Ahhh Literati! Our contest continues, this time with an entry from Wendy Josephkovitch (or thereabouts) Wendy is one of the rare writers who actually reads her work as well as she writes, and her most recently published novel is sending tremors where none previously existed due to the drama with which she imbues the spoken …
Our contest continues, this time with an entry from Wendy Josephkovitch (or thereabouts) Wendy is one of the rare writers who actually reads her work as well as she writes, and her most recently published novel is sending tremors where none previously existed due to the drama with which she imbues the spoken word. The Witch’s Hand–the thinking person’s sword and sorcery–is available on Amazon books.
The red that I refer to is not a communist plot, but a plot never-the-less. Here is Wendy Joseph’s entry into our contest and attempt to win fame and five hundred bucks. Remember, each entry must include the phrase “I swear, it’s not too late.”
by Wendy Joseph
From the Email Correspondence Of Illustrator Neurosa Coloritch
May 8, 2001
To Ms. Delay:
Is this to be a book with an illustration on every one of the thirty-two pages? Do you wish my award-winning stone ground color style, or the new one I am experimenting with, a combination of acid water color wash, kerosene, and acrylic, which is then computer enhanced? If so, it will be a world premiere use of it, which my analyst tells me would be just the thing to help pull me out of the depression caused by my recent separation from my lover of three months, whom I took to take me out of the depression caused by my third divorce and the death of my longtime feline companion, Genghis. Also, is this a standard telling of Ms. Hood and the Wolf, or are we going to tell it from the Wolf’s point of view? This is essential for me to know, if I am to do the illustrations properly.
May 14, 2001
Dear Ms. Delay,
When is the deadline for the first sketches for Red Riding Hood? How graphic do you want them re. the wolf eating Granny? I personally do not think children should be sheltered from such things, as I grew up on my grandmother’s tales of fleeing the Cossacks in the snow, with wolves howling in the distance, and am none the worse for it.
But I must know the deadline, as my therapist tells me any kind of uncertainty in these matters puts undue pressure on my creative capacities, and may result in a complete shutdown of my ability to produce anything. Last year this had dire consequences, as while an editor waffled between my most superior drawings and those of an inferior artist, I suffered a complete breakdown and was hospitalized for two weeks.
I cannot tell you how bad the food was, and fear that I may have been a guinea pig in some new drug testing, but my memory of that time is not clear. Thank the Goddess, I survived, but certainly cannot recommend the Tukwila Aromatherapy and Psychiatric Treatment Center for anything other than a nice view (if you like heights, which terrify me) and decent parking.
Do let me know about Little Red. I always thought she should have seen through the wolf’s disguise right away, but maybe she was a little slow. Was she retarded? Or perhaps she had a vision problem. Would you like to have me show her with a white cane? This might explain her problem with recognizing the wolf. I do not think a guide dog would be a good idea, as aside from my fear of dogs due to being severely barked at by one as a child, the dog would most certainly sniff out the wolf as they entered Granny’s house.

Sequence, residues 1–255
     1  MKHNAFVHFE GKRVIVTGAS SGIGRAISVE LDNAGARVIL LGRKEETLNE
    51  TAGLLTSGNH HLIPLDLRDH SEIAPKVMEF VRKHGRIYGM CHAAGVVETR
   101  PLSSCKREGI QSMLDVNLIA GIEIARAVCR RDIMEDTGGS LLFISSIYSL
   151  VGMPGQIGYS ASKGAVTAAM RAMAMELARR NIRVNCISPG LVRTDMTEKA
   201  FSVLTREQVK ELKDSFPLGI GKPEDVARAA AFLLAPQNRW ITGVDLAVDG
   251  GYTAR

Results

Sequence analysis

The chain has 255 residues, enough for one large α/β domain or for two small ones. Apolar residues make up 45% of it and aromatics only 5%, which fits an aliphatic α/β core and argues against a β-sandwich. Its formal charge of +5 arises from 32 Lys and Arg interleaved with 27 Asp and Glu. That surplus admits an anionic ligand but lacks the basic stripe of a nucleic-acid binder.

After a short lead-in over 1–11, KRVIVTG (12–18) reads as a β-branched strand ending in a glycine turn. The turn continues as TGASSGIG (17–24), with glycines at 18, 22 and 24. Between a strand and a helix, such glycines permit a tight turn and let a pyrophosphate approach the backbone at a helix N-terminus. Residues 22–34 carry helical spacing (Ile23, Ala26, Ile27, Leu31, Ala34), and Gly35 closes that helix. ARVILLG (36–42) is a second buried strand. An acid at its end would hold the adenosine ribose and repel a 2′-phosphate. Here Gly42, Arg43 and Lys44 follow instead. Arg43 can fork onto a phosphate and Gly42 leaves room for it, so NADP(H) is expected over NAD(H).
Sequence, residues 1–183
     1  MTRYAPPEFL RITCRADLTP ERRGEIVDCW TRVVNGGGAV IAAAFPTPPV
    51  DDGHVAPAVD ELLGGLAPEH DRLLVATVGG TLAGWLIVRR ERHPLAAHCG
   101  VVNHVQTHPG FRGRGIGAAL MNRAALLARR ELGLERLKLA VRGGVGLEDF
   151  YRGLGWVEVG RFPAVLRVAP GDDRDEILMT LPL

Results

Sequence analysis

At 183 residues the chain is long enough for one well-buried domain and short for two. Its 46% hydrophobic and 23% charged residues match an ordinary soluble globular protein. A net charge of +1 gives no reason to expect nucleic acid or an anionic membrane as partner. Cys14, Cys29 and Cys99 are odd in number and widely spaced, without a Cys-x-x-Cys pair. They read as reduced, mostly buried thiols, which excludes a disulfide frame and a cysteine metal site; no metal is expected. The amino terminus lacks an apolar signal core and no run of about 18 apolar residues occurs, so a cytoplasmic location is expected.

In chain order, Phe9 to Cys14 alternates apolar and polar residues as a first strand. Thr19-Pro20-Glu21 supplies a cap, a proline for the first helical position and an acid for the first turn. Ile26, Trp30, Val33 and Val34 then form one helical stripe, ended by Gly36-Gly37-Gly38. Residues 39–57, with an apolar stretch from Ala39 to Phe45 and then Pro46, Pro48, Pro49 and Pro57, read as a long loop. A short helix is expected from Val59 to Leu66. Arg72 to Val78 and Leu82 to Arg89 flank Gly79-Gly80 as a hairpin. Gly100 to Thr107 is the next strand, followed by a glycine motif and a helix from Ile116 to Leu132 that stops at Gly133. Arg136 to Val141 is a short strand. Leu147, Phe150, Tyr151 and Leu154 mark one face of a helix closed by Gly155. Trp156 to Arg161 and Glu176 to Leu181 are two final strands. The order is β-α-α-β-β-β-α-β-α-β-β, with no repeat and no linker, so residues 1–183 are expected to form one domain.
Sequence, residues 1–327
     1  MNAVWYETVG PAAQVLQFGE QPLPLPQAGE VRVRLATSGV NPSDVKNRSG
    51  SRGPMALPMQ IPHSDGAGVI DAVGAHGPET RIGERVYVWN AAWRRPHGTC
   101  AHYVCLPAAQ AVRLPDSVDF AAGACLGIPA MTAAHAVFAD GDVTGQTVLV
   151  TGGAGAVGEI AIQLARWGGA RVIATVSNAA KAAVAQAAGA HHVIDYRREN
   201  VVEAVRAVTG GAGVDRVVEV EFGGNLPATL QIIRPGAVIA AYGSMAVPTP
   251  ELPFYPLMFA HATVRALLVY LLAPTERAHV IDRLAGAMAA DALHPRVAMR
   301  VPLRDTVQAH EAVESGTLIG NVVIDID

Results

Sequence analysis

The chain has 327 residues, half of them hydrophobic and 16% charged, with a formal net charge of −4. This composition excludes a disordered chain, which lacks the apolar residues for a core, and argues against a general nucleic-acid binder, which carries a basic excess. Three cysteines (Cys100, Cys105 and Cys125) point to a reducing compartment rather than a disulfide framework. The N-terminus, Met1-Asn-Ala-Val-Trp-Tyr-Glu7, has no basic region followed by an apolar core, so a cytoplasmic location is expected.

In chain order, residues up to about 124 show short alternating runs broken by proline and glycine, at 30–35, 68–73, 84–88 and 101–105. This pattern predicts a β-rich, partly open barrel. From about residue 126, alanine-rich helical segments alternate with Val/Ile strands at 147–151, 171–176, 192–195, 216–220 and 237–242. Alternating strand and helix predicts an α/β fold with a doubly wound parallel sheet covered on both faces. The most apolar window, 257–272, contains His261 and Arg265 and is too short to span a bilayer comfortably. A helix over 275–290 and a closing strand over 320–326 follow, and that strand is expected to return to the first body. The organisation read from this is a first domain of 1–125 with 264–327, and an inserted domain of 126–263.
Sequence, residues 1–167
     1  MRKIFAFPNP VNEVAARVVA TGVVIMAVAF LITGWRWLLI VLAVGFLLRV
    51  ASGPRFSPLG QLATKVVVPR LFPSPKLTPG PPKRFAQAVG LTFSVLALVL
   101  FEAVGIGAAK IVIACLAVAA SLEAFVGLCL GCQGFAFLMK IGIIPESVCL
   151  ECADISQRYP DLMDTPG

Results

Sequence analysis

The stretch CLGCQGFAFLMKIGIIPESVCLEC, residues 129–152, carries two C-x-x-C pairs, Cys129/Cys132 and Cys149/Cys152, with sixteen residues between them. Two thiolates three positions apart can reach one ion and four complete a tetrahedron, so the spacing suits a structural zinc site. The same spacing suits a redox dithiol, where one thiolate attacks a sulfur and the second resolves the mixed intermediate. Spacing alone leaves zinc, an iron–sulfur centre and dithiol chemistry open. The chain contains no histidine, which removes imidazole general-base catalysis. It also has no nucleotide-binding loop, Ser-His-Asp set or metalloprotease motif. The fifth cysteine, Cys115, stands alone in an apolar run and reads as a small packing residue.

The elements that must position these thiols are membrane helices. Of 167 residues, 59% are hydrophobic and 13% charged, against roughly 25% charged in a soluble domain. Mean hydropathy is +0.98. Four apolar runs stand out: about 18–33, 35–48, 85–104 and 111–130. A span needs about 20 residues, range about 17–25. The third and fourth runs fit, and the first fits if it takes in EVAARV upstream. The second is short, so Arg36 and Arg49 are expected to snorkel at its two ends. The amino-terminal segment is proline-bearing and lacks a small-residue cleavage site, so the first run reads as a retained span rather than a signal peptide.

I must go now. Mention of dogs has triggered a flashback, and I need to see my therapist.
May 18, 2001
Dear Ms. Delay,
I would like to know if we are using the Grimm’s original Red Riding Hood. If so, I would be delighted, as it is full of violence (the wolf eats both Granny and Red, has them cut out of his stomach while he is still alive but asleep, and dies by having stones put into his stomach as a replacement).
My therapist says illustrating this would be just the thing to act as a cathartic for my latest trauma, a series of truly horrendous nightmares, including getting trapped in a train wreck while racing to get out of China during the Sino-Japanese War, standing on an aircraft carrier flight deck while fire-breathing dragons landed, and drowning in a bowl of Jello.
My therapist (did I tell you he is related to Fellini?) says these were probably set off by my new lover’s rejecting my idea that he pose as Prometheus Bound for my envisioned set of Greek tragic stories, which I plan to show next spring in a one-woman show entitled “Scourgings, Gougings and the Death of Mythological Ideals.” You are all, of course, invited.
I need to know ASAP about the Grimm illustrations, if I am to make my show deadline. I swear it’s not too late; if you can get me word by midnight of the full moon on Tuesday, I will be able to complete both projects on time and with my usual grotesque verve that has often drawn favorable comparisons to Tim Burton’s cinematic visuals.
If not, my therapist tells me it will have dire consequences. I shudder and tremble to think of the personal cost; I am, after all, human, and one can only take so much before deciding between the razor blade, the gun, or lethal injection–or perhaps I shall simply leap in front of a train, a la Anna Karenina.
Yours in angst,
May 22, 2001
I cannot tell you how delighted I am that we will be using this uncensored version of Red Riding Hood. I so look forward to doing the illustrations. When would you like the 32 thumbnail sketches? I can have them done in two weeks. My therapist says this is just the thing to keep me going during my current condition of agoraphobia, probably brought on by the voices coming from the trees outside.